What is a flowering plant?
Flowering plants are plants with well-developed reproductive parts, and capable of producing flowers, fruits, and seeds.
Flowering plants are also regarded as angiosperm.
The flowering plants show great variety and diversity of form.
However, they carry on the same basic activities, and despite their seeming diversity, they exhibit a great similarity in their structure.
Characteristics of Flowering Plants
All the activities of the different parts of the plant are so coordinated that the plant can live, grow, and reproduce as a unit.
A typical flowering plant consists of vegetative and reproductive organs. the vegetative and the reproductive organs.
The vegetative organs are the roots, stem, and leaves, while the reproductive organs are the flowers, which are concerned with the production of fruits and seeds.
Types of Flowering Plants
There are two types of flowering plants – Liliopsida and Magnoliopsida.
The former is commonly called monocotyledon while the latter is a dicotyledon.
Classification of Flowering Plants
While flowering plants are of 2 types, they can be broadly categorized into 3 groups based on the nature of their life cycle and their span of life.
The 3 classes of flowering plants are Annuals, Biennials, and Perennials.
An annual is a plant that completes its entire life cycle and dies within one growing season which may be a few months or at the most one year.
After the seed germinates, the plant grows and produces flowers which in turn produce fruits and seeds.
Once the seeds have been produced, the rest of the plant dies.
Many of the world’s most useful plants are annuals.
Examples of annuals include cereal plants like rice, wheat, maize, bean and pea plants, flax, jute, okra, and sunflower.
A biennial is a plant that passes through two different phases in one life cycle.
In general, it has a longer life span than an annual, the life span is approximately two years, that is a year for each phase.
During the first phase, biennials such as the carrot attain their full vegetative growth and develop large storage organs.
Food stored in these organs is made use of in the second phase when the plant sends up a left shoot bearing flowers, fruits, and seeds. After this, the plant dies.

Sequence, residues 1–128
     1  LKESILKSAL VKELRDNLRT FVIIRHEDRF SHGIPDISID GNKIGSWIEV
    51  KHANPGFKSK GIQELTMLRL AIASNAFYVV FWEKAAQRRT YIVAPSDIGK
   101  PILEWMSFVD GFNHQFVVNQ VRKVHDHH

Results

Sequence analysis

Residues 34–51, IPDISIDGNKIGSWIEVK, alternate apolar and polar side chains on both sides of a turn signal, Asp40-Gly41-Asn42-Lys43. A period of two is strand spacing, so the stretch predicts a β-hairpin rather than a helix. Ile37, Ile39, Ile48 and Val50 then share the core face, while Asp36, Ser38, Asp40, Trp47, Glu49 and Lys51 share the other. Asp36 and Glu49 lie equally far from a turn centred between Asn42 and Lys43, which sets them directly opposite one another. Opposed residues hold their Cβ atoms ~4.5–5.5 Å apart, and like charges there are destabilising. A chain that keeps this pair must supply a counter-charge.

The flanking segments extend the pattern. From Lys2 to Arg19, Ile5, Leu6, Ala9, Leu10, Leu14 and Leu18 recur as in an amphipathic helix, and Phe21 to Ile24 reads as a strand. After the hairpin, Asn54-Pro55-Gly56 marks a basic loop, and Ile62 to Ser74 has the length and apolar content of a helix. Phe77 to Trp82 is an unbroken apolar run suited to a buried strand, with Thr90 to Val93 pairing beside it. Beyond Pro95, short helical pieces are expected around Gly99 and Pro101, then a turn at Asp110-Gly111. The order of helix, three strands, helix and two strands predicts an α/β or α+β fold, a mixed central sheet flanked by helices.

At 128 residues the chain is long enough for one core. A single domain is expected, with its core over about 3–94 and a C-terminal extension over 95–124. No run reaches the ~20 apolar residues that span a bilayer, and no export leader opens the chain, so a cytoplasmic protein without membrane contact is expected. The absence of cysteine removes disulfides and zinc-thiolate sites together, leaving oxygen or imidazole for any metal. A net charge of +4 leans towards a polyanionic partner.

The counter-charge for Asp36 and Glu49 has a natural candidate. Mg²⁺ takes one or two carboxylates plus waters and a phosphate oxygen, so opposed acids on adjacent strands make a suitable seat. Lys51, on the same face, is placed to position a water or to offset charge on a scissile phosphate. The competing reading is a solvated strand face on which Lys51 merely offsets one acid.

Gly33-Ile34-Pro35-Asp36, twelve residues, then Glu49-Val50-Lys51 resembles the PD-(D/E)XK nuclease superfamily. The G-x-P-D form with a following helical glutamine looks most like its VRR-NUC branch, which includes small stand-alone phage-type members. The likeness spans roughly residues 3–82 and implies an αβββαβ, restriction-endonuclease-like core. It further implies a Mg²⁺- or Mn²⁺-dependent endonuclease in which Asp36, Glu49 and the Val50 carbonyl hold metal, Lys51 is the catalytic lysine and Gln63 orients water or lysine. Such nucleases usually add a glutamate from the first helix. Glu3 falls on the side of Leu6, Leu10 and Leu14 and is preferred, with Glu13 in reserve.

If adverse conditions prevail after the first phase, the vegetative shoot dies down.
When favorable conditions return, the storage organs produce new vegetative shoots.
Many garden food plants are common examples of biennials, for example, radish, cabbage, and turnip.
Usually, these plants are harvested for food immediately after they complete their first phase of growth.
Perennials are trees, shrubs, and herbs which continue to grow from year to year, producing flowers, fruits, and seeds for many years.
They can be divided into two groups – herbaceous perennials, the aerial parts of the plants may die down every year at the end of the favorable reason after producing flowers and seeds.
Most herbaceous perennials persist using underground stems and roots, for example, corns, bulbs, tubers, and rhizomes.
These usually contain a store of food that is used for the production of new flowering shoots when the favorable season returns.
Usually, the terminal or later (axillary) buds on these underground organs develop to form new aerial shoots.
Examples of herbaceous perennials are lilies, dahlia, water-chestnut, onion, garlic, and ginger.
Woody perennials are plants such as trees, shrubs, and vines, in which the aerial stems and branches persist and grow from year to year.
Trees growing in temperate countries shed leaves with the approach of winter and are said to be deciduous.
Some trees in the tropics also behave similarly, However, most trees growing in the tropic never shed all their leaves at the same time and are said to be evergreen.
Examples of woody perennials are the flamboyant (a deciduous tree) and the Bougainvillea (an evergreen shrub)